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Nationalisms and Identities among Indigenous Peoples

Case Studies from North America


Edited By Martina Neuburger and H. Peter Dörrenbächer

This book investigates nationalisms and the emergence of national identities among the Indigenous peoples across North America. It examines the many difficulties which the Native communities have had to face in order to assert themselves as nations, as well as looking at the ambiguity of the term 'nation' within First Nations-government relations. The volume gives a broad perspective on the historical development of Native American nationalism and also explores a variety of political, educational, sociological, cultural and even literary viewpoints. The experiences of the Indigenous peoples are compared with the experiences of other Aboriginal groups across the globe, in order to enrich our understanding of global indigenous nationalisms.
The contributors to this volume represent the perspectives of a variety of different First Nations and a wide range of disciplinary fields, from history, anthropology and political science to communications, law, linguistics and literary studies.
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The Native American Hip-Hop Nation: A Nationalist Movement for Sovereignty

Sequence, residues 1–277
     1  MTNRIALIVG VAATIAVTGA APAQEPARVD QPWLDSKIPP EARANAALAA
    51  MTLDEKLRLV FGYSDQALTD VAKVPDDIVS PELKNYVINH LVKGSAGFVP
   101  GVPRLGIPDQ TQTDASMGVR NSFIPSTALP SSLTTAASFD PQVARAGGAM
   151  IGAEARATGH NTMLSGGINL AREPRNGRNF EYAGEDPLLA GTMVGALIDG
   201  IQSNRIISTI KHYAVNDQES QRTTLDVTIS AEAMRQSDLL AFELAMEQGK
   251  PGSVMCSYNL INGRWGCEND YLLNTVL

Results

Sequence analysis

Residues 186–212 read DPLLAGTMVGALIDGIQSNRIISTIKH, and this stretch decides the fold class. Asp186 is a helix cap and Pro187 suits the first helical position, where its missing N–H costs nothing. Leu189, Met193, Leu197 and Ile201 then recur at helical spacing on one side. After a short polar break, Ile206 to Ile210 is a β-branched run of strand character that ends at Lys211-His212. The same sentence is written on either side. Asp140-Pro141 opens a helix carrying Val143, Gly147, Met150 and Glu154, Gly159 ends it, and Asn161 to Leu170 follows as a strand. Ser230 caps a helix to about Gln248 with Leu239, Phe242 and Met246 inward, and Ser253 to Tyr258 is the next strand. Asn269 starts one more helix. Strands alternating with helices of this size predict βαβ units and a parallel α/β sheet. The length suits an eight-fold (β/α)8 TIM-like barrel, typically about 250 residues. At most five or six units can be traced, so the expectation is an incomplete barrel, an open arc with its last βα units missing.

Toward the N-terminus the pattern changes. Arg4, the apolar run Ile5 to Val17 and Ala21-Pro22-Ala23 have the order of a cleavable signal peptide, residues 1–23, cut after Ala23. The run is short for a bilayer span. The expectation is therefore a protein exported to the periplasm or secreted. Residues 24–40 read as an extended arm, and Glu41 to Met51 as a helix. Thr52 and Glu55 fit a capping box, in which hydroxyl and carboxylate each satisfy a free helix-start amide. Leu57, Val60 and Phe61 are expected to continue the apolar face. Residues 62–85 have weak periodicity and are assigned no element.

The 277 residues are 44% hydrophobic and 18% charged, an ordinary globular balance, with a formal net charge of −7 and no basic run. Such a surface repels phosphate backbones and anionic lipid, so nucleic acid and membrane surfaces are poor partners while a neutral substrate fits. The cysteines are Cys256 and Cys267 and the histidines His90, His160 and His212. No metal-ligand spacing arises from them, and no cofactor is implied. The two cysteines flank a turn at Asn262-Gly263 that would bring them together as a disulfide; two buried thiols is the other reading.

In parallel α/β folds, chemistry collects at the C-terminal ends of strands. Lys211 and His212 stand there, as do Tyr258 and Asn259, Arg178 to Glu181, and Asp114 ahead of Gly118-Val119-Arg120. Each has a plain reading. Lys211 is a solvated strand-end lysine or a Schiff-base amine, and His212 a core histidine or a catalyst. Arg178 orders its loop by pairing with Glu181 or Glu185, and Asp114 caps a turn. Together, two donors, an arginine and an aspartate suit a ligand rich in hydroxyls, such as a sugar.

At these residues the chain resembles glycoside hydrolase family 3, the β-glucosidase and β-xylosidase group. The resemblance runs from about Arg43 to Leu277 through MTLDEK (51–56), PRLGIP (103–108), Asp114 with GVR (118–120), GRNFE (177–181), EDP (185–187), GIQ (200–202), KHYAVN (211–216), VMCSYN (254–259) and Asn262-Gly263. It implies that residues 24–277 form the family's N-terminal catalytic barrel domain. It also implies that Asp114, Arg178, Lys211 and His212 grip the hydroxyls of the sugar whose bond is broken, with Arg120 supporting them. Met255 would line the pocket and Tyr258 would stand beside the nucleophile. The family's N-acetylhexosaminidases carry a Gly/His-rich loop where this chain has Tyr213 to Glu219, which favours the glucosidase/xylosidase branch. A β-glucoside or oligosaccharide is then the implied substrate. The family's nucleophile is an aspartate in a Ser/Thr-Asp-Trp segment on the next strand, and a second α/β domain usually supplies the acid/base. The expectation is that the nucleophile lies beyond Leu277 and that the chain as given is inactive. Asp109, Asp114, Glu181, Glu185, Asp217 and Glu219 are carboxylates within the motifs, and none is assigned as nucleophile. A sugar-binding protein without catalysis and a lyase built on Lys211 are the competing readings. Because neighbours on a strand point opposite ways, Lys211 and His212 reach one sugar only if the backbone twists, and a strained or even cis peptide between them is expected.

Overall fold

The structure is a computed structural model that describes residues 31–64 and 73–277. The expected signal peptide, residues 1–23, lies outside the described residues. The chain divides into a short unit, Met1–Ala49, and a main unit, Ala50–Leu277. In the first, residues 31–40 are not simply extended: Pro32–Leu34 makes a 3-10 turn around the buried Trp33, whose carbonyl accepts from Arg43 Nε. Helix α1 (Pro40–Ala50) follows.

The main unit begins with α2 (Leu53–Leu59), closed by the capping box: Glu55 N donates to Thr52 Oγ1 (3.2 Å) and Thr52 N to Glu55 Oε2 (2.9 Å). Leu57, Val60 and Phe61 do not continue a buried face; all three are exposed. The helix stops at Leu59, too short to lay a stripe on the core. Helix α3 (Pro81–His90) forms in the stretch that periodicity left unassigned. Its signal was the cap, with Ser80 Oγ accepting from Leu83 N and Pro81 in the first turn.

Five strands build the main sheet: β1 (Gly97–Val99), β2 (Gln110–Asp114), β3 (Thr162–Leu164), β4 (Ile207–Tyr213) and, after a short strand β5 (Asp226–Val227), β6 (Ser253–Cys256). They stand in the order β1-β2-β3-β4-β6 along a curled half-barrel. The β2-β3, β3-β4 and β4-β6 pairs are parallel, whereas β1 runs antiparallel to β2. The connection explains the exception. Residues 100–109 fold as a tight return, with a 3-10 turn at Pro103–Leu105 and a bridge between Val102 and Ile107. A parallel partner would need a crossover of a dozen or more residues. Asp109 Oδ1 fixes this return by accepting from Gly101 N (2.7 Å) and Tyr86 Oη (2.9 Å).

Whether it be the resistance against Indian mascots in our schools and sports teams, or the resistance against depictions of Native Americans on food products (e.g, Land O’Lakes butter), or the resistance to depicting Indians as the ‘bad guys’ in games of ‘cowboys and Indians’ or resistance against the depiction of Native Americans as ‘noble savages’ in Hollywood films (e.g., Dances With Wolves), or the efforts to increase media depictions of ‘modern’ Indians rather than the saturated norm of the ‘historical Indian’ in the past, or attempts to complicate popular stereotypes of Native Americans as ‘wise elders’, ‘aggressive drunks’, ‘Indian princesses’, ‘loyal sidekicks’ and ‘obese’, or the problematic characterizations of Native Americans as primitive, criminal, violent, deceptive, savage, intellectually lacking or full of childlike obedience: it seems as though American Indians have continually struggled to control the depictions of Native American identity in popular culture.

The struggle to control the depictions of cultural identity should not come as a surprise – they are the product of colonization itself. Without a colonizer, there would not be another culture to appropriate cultural symbols to be contested. The portrayal of a colonized cultural subject identity is part of the business of a colonizer and contributes to the masking of an independent identity within the context of the new colonial identity. For example, Fanon (1994) documented how his numerous efforts to locate his self and his body in the French world, in literature, in history and even among many of his...

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